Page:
Exchange Visits and Mentoring Visits: CyI will provide the opportunity for STARC researchers and CyI administrators to participate in visits to the advanced partner institutions in order to present their work, discuss further directions, and to establish cooperation and partnership. Three exchange visits will be organised per year, one at each partner site. For mentoring of CyI staff, researchers and administrators from the advanced institutions will visit CyI for multiple week mentoring visits in order to provide training to CyI researchers. A minimum of one visit per year by each advanced partner to CyI is foreseen.

Research learning secondments - CyI researchers will spend longer periods at the advanced institutions, in order to be trained in particular research approaches and to be introduced in this particular research environment and network. A minimum of one visit per year by CyI staff to each advanced partner will be organized.

Championing CyI memberships of European academic networks - CyI staff go on short missions to meet with relevant networks, while researchers participate in international conferences/summits.

Proof-of-concept / mini-projects and joint publications - All exchange visits will allow for time and expertise to perform ‘Proof-of-concept’ work on mini-projects which will lead to new research lines and expertise introduced at CyI, and to publications on these research projects in international journals. The outcomes of joint research/mentoring projects will form the highest level of scientific dissemination within the project and are aimed mainly at an academic audience. These are important means to disseminate/transfer the concept of the archaeological science interdisciplinary approach.

The objectives of WP 4, Sharing Best Practice, are for the Promised team to gain experience through joint activities. The flagship activity for this is the annual Summer School, the first of which took place in July 2019 under the title From Natural Resources to Material Culture: Transdisciplinary Approaches in Archaeological Science and provided hands-on experience together with lectures to 12 postgrad students.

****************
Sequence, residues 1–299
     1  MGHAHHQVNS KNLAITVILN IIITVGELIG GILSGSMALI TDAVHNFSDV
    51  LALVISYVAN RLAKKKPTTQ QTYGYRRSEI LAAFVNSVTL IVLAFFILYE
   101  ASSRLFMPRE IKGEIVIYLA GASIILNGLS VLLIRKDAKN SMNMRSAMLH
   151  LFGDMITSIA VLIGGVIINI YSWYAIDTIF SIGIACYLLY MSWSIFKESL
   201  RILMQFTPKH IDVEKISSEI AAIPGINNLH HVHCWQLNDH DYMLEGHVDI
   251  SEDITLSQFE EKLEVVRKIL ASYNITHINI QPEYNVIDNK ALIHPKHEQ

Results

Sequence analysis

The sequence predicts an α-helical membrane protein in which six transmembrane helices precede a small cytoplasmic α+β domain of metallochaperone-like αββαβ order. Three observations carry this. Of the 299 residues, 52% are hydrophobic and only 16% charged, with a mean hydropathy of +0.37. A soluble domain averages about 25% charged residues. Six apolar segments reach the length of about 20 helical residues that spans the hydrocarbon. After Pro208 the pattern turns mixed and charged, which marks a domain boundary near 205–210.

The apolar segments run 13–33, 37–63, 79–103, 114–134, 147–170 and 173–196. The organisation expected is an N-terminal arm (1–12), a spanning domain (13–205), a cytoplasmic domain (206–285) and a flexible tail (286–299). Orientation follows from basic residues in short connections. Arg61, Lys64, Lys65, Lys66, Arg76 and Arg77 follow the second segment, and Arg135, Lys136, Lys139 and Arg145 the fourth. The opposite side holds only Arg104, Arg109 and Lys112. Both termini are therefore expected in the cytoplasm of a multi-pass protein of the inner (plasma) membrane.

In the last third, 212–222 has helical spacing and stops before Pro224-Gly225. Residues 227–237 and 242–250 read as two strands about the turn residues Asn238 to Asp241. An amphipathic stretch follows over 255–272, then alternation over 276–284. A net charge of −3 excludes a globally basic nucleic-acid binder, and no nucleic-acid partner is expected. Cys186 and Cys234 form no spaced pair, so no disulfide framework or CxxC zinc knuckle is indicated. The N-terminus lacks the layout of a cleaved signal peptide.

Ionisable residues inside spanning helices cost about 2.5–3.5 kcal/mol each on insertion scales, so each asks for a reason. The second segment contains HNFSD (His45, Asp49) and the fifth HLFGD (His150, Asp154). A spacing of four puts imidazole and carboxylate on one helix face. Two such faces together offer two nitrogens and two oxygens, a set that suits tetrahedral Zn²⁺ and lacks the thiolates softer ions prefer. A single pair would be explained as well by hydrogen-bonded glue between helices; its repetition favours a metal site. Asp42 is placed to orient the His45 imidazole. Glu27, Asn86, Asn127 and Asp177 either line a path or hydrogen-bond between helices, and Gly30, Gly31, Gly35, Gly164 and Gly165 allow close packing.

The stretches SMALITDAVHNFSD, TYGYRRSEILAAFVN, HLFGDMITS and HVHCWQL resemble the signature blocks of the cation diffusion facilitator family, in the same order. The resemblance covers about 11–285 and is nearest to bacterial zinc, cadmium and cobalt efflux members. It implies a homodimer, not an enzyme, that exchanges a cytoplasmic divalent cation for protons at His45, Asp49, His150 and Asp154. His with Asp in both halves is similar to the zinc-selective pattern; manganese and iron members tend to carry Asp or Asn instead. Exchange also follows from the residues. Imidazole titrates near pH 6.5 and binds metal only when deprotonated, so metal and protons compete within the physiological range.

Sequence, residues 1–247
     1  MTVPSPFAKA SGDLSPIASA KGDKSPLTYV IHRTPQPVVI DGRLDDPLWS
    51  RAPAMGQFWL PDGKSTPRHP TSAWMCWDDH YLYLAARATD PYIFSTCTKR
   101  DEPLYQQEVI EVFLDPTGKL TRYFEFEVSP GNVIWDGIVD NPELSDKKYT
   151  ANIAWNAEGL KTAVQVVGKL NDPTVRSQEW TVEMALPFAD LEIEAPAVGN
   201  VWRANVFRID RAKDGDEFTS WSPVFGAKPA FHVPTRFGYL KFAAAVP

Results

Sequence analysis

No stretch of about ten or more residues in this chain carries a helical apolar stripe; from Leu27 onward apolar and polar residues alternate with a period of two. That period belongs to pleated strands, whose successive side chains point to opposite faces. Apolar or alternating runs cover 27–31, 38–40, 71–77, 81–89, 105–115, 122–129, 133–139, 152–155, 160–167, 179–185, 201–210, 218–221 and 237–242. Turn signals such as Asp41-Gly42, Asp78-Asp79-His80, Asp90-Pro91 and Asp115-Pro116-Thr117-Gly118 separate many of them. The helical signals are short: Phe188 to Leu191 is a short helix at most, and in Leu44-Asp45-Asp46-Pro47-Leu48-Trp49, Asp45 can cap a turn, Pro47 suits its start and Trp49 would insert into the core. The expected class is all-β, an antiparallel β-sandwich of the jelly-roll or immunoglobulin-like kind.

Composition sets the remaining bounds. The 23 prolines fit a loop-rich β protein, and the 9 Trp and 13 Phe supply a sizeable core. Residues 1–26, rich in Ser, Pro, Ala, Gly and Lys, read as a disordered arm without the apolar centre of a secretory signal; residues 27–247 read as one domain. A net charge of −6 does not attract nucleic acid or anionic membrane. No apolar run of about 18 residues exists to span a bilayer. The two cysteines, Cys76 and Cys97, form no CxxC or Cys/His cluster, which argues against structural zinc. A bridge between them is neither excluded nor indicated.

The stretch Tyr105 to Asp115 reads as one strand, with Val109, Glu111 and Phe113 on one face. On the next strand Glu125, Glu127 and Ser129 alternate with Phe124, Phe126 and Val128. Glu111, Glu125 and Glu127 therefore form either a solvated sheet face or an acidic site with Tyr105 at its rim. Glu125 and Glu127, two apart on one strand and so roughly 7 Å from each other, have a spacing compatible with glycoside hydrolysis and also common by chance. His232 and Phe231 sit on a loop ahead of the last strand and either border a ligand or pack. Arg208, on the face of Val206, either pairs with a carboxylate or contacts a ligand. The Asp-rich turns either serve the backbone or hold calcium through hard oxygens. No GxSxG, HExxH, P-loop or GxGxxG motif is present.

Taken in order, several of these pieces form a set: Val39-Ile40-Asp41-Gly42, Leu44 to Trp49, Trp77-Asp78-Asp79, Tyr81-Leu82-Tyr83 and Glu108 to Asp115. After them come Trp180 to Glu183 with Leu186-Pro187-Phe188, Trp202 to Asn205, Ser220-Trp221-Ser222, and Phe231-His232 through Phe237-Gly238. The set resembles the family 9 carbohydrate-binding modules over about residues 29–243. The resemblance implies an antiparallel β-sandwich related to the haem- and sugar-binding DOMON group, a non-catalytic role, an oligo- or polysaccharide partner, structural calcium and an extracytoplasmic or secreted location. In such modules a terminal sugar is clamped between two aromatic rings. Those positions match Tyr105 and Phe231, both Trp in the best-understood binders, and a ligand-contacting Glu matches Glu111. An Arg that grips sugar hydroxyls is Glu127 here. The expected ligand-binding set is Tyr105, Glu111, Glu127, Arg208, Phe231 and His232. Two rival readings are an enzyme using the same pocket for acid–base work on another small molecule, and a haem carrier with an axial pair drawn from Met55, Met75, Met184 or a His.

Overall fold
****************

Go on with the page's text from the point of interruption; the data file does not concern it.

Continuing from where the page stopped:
WP 5, Outreach and Dissemination, the public-facing work package, ensured that the Promised team members were not only fully committed to communicating science to society, but also raised awareness on archaeology as a discipline and its significance for modern society. Major developments were the development of a detailed Communication Strategy, the participation if a number of outreach activities (national and local Science fairs, conferences), the organisation of an international conference, the organisation of a series of innovative workshops and the publication of academic journals.

WP6 - Ethics requirements runs throughout the project’s duration. The project finalised two key documents by early 2019 and were incorporated in the research protocols of the project
At this stage of the project we anticipate to achieve all milestones and impacts as detailed in the application by the end of the funding period, and to lock in several significant legacy elements of activities continuing well beyond the end date. An example for this, concerning almost all WPs but particularly WP1 (in terms of effort) and WP5 (in terms of outreach and impact exceeding our initial expectations), is the success of ICAS-EMME 2.

WP3 – partners demonstrated practical commitment to between them collaboration beyond the scope of this project by a) submitting an MSCA ITN application and b) developing an online petrography teaching tool.

WP5: The completion and formal publication of standard operating procedures and guides for best practices are contributions to the field that go beyond the project’s life span and were not anticipated in this manner.

Furthermore, we are the first (to our knowledge) Cypriot – based project to actively organise archaeological activities for disables.